Garry Oak are slow growing trees which will grow 8-12(20-30cm) in a year. They develop long tap roots and are amost impossible to transplant after they have been in the ground a few years. They need a sunny open site with very well drained soil. They do not make good lawn trees as they resent being watered during the summer and it can also cause them to become diseased. They do have natural insect pests which are often seen on the undersides of the leaves. These can become disfiguring  to the leaves some years but in others are hardy present at all. If you have the right site and would like a tree which needs little attention during the year, you might want to look into to this species or one of the other Oaks. Garry Oak grow in zones 6 through 10 (-10 f or  and higher temperature).

Male flowers are separate from the females on the same Garry Oak tree.

Learn more about Garry Oaks:

Garry Oak Ecosystem: http://www.goert.ca/

Where is Holy Trinity Church: http://www.waymarking.com/waymarks/WM65KB_Holy_Trinity_Church__North_Saanich_BC_Canada

wiki on Garry Oaks: http://en.wikipedia.org/wiki/Quercus_garryana

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When I was little my mother would talk about how beautiful certain trees and shrubs looked in the snow.  She would speak of how beautiful the Birch looked with their stark black twiggy branches would show up so well against the white background. She also talked about the golden Willow branches which poked through the snow banks. Probably the most showy shrub which grew at the bottom of the lane near our house was the Red Twig Dogwood with it’s wine colored stems. Cornus (sericea)stolonifera is one of 3 similar species grow here and through the northern areas right around the globe.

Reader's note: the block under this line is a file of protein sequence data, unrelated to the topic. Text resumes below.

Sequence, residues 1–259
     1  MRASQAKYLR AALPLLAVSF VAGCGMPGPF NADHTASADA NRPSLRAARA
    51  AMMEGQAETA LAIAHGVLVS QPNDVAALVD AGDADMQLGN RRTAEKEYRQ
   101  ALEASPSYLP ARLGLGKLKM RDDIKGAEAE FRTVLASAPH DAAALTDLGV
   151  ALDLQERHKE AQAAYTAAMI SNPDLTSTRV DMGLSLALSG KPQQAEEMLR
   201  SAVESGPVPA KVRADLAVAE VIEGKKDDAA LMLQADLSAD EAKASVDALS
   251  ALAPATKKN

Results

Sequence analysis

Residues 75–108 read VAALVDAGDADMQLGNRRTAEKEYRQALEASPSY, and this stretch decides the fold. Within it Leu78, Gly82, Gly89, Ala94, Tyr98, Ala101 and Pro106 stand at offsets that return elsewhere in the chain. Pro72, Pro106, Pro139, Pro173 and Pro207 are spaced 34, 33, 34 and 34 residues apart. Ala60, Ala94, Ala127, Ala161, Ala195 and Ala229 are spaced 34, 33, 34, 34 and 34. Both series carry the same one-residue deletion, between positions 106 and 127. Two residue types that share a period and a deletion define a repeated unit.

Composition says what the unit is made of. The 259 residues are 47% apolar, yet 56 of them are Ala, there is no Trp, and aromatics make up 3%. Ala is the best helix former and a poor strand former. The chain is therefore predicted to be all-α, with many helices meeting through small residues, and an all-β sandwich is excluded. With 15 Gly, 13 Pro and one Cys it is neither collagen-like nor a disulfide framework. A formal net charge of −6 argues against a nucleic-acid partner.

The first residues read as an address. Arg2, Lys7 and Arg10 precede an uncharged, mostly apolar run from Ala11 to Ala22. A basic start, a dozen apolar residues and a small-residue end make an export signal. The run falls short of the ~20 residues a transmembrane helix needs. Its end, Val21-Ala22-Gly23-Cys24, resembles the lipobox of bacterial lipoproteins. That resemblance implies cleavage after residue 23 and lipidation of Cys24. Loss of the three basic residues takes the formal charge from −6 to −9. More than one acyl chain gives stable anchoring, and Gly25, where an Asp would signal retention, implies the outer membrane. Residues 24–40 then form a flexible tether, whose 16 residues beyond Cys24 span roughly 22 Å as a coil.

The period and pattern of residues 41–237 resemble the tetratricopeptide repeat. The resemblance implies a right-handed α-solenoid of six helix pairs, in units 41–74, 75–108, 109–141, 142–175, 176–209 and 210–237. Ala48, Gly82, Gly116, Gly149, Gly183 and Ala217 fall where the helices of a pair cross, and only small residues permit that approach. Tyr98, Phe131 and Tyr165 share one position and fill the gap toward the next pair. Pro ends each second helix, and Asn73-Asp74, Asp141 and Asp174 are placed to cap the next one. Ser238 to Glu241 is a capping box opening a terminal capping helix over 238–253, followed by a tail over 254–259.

Red Osier Dogwood growing along roadsides is a common sight here.

There are several species of Red Twig Dogwoods which are so similar that you can’t really tell them apart at a glance. They all grow in shrub form, have almost identical flowers and reddish colored stems. Cornus stolonifera(sericea) which is the most vigorous grower extends from Alaska south to northern California and across North America through to Virginia. it has creamy berries with a bluish tinge.  In Europe Cornus sanguinea is found which has black berries. Moving farther east we come to the final type; Cornus alba which is found from Siberia through Manchuria into to Korea and also has the creamy berries.

Cornus stolonifera 'Flavirimea'

Cornus stolonifera 'Flavirimea' is one of the brightest bark forms of shrubby Dogwoods.

These three Red Twig Dogwood have some of the most attractive barks in the plant world. Many colors ranging from golden through peach and scarlet and then into maroons to almost black are represented in forms which can be found in nurseries. the deeply veined leaves have smooth edges and can be variegated in shades of cream, gold and even flashes of peach. Fall brings another show of color ranging from deep maroons through to peach and gold.

Cornus sanguinea 'Midwinter Fire'

The fall and winter color of Cornus sanguinea 'Midwinter Fire' in all it's glory.

All three species  of Red Twig Dogwood have flat cymes made up of tiny cream colored flowers, this flower structure is also seen in other Cornus species. In the right location the flowers will turn into bountiful crops of attractive berries which the birds like to eat later in the winter.

The many tiny Cornus stolonifera flowers have a slightly soapy scent.